Fifteensquared

Never knowingly undersolved.

Guardian 25,695 – Rufus

Posted by Andrew on July 23rd, 2012

Andrew.

A fairly standard Rufus, though with (I think) a larger helping than usual of anagrams, especially the three long acrosses. These should give a good start to the puzzle for those who sometimes find it hard to get on the wavelength of Rufus’s double and cryptic definitions .

 
 
 
 
 
Across
5. APACHE PA (father = governor) in A CHE [Guevara]
6. ROMANS Double definition
9. NICKER Double definition, using two slang meanings – nicker = pound and nick = steal
10. DISARMED I think of this sort of clue as a definition + cryptic hint, or definition-and-a-half, which I shall call a sesquidef. The Venus de Milo is famously missing its arms.
11. ANNA Formerly one sixteenth of a Rupee, with “either way” indicating that it’s a palindrome
12. SALAMANDER (ALAN DREAMS)*
13. CHANTERELLE (EARTHEN CELL)*
18. DIAPHANOUS (PIANO HAD US)*
21. UPAS UP (not down) AS. It’s a poisonous plant
22. PRICE TAG PRICE (cost) + TAG (quotation). As per my grumbles last week, I find the clueing of PRICE rather weak.
23. READER Cryptic definition
24. SHINDY DIN* in SHY . Shy and start can both mean to make a sudden movement.
25. APOLLO POLL in A O
Down
1. BACKLASH Double definition
2. CHORUS Cryptic definition – a chorus can be “a composition which is sung by a chorus”, i.e. by a number of people.
3. CONSOMME CON + [Battle of the] SOMME
4. BARREN Homophone of “baron”
5. ALIGNS SIGNAL*
7. SEEMED Homophone of “seamed”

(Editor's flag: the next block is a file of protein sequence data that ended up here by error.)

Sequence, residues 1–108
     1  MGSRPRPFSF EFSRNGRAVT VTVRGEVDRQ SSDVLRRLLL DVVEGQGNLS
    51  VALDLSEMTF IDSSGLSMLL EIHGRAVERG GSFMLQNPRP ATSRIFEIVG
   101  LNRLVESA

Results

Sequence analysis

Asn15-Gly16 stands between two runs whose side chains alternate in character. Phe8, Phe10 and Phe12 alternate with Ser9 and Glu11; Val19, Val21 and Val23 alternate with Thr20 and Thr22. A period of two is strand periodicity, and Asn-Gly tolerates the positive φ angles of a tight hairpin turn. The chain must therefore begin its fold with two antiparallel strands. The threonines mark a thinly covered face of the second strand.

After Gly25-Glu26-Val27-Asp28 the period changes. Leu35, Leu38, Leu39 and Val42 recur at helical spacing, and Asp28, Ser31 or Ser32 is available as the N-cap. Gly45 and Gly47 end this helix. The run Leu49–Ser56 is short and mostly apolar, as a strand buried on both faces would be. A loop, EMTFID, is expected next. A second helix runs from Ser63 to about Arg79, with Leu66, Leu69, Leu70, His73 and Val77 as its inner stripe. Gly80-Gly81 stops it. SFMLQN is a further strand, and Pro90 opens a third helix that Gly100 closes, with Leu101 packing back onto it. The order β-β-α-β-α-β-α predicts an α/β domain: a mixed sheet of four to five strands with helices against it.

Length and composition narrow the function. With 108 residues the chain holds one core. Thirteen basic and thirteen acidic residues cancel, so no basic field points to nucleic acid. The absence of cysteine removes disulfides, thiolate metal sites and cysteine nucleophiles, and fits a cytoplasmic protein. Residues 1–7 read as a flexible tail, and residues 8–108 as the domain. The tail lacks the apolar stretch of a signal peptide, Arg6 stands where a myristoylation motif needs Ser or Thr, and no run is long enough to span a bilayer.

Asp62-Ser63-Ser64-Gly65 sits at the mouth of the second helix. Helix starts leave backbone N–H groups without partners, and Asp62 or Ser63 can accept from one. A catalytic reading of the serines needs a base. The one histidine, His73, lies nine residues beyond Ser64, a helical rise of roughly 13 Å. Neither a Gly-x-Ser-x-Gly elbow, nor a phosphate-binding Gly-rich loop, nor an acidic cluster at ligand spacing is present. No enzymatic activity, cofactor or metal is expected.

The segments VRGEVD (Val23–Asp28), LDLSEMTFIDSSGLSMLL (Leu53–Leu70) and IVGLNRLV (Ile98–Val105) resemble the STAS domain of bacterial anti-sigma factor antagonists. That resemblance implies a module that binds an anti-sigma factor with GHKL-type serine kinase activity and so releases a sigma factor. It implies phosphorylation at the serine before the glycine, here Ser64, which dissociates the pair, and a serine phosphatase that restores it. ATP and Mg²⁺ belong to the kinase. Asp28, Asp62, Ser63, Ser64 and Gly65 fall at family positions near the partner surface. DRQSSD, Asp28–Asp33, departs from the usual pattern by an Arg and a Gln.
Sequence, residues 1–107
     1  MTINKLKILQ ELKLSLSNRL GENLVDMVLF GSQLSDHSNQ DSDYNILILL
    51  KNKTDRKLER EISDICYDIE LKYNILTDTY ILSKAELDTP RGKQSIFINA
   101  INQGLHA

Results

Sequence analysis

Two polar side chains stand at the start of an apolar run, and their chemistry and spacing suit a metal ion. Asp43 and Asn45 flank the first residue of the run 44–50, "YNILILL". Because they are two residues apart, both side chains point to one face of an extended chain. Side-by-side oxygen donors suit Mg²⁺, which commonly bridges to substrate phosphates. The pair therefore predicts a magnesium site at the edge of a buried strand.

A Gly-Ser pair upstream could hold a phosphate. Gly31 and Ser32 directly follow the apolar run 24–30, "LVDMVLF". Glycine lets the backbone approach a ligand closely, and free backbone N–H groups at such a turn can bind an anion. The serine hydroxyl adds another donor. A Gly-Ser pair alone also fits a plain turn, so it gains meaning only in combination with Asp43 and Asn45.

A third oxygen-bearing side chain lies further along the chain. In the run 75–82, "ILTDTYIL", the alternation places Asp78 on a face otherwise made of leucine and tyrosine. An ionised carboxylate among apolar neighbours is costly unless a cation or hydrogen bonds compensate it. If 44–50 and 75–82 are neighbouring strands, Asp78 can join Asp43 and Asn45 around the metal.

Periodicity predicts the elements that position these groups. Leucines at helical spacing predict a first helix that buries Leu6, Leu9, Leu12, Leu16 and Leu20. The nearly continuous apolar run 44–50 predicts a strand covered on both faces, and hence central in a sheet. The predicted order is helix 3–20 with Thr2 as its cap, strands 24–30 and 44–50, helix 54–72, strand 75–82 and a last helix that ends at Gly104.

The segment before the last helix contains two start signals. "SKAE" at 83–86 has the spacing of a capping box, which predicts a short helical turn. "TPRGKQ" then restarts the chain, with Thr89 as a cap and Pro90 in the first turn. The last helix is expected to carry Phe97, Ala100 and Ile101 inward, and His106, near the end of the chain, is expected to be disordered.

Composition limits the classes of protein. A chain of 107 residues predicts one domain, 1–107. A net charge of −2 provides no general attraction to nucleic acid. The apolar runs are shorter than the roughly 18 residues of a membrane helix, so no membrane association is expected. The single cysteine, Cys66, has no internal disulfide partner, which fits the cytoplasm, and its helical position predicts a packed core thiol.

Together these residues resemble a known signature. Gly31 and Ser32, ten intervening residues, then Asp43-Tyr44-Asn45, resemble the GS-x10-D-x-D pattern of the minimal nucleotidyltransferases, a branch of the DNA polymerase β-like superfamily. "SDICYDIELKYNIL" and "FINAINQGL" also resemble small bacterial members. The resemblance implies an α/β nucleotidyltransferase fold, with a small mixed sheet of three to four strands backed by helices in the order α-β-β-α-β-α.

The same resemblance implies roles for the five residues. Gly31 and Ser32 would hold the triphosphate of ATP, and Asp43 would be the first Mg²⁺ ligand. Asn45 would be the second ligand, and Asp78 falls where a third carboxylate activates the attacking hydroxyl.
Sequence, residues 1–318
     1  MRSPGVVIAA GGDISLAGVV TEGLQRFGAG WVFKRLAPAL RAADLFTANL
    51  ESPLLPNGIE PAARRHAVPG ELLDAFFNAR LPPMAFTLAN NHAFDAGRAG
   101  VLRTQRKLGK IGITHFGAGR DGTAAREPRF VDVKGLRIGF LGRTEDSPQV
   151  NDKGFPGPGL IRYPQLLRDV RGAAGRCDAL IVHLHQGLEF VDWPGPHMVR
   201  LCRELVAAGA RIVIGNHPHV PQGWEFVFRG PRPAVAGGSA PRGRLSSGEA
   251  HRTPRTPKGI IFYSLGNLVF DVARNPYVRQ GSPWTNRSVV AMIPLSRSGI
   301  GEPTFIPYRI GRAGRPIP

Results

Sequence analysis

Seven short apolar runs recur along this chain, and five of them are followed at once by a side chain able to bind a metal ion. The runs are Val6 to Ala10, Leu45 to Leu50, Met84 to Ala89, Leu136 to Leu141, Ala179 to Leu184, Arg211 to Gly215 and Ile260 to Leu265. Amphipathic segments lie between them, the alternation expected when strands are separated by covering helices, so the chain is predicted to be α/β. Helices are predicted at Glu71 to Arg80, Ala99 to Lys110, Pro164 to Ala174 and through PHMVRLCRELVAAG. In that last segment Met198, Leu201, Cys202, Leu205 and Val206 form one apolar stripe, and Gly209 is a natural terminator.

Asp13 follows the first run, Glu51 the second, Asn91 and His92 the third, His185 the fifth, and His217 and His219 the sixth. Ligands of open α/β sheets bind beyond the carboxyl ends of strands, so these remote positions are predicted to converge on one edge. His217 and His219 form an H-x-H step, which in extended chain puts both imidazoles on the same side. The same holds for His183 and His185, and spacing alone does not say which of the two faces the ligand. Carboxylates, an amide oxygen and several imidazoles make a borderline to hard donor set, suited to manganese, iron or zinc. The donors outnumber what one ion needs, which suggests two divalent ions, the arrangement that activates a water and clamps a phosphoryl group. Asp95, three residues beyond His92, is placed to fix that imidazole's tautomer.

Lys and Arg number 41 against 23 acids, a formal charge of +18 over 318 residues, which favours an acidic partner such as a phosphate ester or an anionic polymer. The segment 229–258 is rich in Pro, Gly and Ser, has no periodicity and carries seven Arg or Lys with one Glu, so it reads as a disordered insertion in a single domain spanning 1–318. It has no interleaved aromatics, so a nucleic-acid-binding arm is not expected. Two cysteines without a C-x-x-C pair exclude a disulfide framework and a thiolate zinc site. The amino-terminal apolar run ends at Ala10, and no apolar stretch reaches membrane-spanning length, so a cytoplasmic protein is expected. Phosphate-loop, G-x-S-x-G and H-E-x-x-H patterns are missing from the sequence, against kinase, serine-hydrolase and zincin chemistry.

8. ODDLY ENOUGH ODDLY (not even) + ENOUGH (sufficient)
14. NEAP TIDE (NEAD I TAP)*
15. LAUDABLE Reverse of DUAL + ABLE (demonstrating skill), definition “Excellent”
16. LITRES A very obvious anagram of LISTER
17. MAKE DO MAKE (produce) + DO (act), with a nice surface reading referring to theatrical or cinematic activities. As commenters have noted, there’s a typo in the clue (which may get corrected later) – “mange” should be “manage”.
19. PICNIC Cryptic definition
20. SCRAPE Double definition (jam = scrape = difficult situation)

27 Responses to “Guardian 25,695 – Rufus”

  1. NeilW says:

    Thanks, Andrew. The only bit that was slightly tricky was the bottom right – a combination of the grauniad’s rendition of manage as “mange” (although it was obviously a misprint) and the fact that, despite living on the island of Java, I’d never come across the UPAS tree!

  2. Bryan says:

    Many thanks Andrew, Rufus and NeilW … I had been puzzled by MANGE in the clue for 17d but I got there nevertheless.

  3. William says:

    Thank you, Andrew.

    Like Bryan, I went straight for MANGE = MANAGE at 17d. Was your version different or did you just assume a Grauniadism too?

  4. Kathryn's Dad says:

    Thanks, Andrew.

    I too had a double-take at the mange/manage misprint. I liked this one, with some good cds and dds, which I personally enjoy. But can we please give this grid a decent burial? It felt like solving four separate crosswords; and if you don’t need the outer letters for a nina, then why use it? The trickiness with Rufus is usually the cds and dds, and some starting letters are often a help.

    Thanks to Rufus for a pleasing puzzle to start the week.

  5. Eileen says:

    Thanks, Andrew. What a lovely new word! You need to slap a © on sesquidef, cf Muck’s ‘Araubetical’! ;-)

  6. Eileen says:

    And thanks, Rufus, too, of course!